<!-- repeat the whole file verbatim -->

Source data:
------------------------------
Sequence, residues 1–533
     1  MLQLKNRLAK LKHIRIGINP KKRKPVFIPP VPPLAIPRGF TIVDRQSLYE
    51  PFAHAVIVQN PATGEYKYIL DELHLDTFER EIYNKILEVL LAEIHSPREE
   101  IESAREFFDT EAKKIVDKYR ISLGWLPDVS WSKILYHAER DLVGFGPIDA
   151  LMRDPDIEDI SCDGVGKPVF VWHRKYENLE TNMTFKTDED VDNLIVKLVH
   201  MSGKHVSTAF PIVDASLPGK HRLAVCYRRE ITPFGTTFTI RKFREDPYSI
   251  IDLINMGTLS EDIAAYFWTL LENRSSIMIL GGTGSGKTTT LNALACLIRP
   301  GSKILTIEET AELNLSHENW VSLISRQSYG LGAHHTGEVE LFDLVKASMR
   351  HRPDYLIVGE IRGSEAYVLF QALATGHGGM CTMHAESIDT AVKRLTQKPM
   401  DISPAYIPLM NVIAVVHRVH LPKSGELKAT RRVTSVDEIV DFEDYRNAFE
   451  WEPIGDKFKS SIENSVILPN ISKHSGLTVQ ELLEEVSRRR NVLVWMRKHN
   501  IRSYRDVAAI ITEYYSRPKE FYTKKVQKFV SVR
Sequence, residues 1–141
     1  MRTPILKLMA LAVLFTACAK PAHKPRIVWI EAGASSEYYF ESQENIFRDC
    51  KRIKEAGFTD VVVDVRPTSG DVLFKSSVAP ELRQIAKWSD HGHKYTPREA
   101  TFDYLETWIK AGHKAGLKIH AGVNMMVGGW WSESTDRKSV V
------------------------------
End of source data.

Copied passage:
Sequence, residues 1–533
     1  MLQLKNRLAK LKHIRIGINP KKRKPVFIPP VPPLAIPRGF TIVDRQSLYE
    51  PFAHAVIVQN PATGEYKYIL DELHLDTFER EIYNKILEVL LAEIHSPREE
   101  IESAREFFDT EAKKIVDKYR ISLGWLPDVS WSKILYHAER DLVGFGPIDA
   151  LMRDPDIEDI SCDGVGKPVF VWHRKYENLE TNMTFKTDED VDNLIVKLVH
   201  MSGKHVSTAF PIVDASLPGK HRLAVCYRRE ITPFGTTFTI RKFREDPYSI
   251  IDLINMGTLS EDIAAYFWTL LENRSSIMIL GGTGSGKTTT LNALACLIRP
   301  GSKILTIEET AELNLSHENW VSLISRQSYG LGAHHTGEVE LFDLVKASMR
   351  HRPDYLIVGE IRGSEAYVLF QALATGHGGM CTMHAESIDT AVKRLTQKPM
   401  DISPAYIPLM NVIAVVHRVH LPKSGELKAT RRVTSVDEIV DFEDYRNAFE
   451  WEPIGDKFKS SIENSVILPN ISKHSGLTVQ ELLEEVSRRR NVLVWMRKHN
   501  IRSYRDVAAI ITEYYSRPKE FYTKKVQKFV SVR
Sequence, residues 1–141
     1  MRTPILKLMA LAVLFTACAK PAHKPRIVWI EAGASSEYYF ESQENIFRDC
    51  KRIKEAGFTD VVVDVRPTSG DVLFKSSVAP ELRQIAKWSD HGHKYTPREA
   101  TFDYLETWIK AGHKAGLKIH AGVNMMVGGW WSESTDRKSV V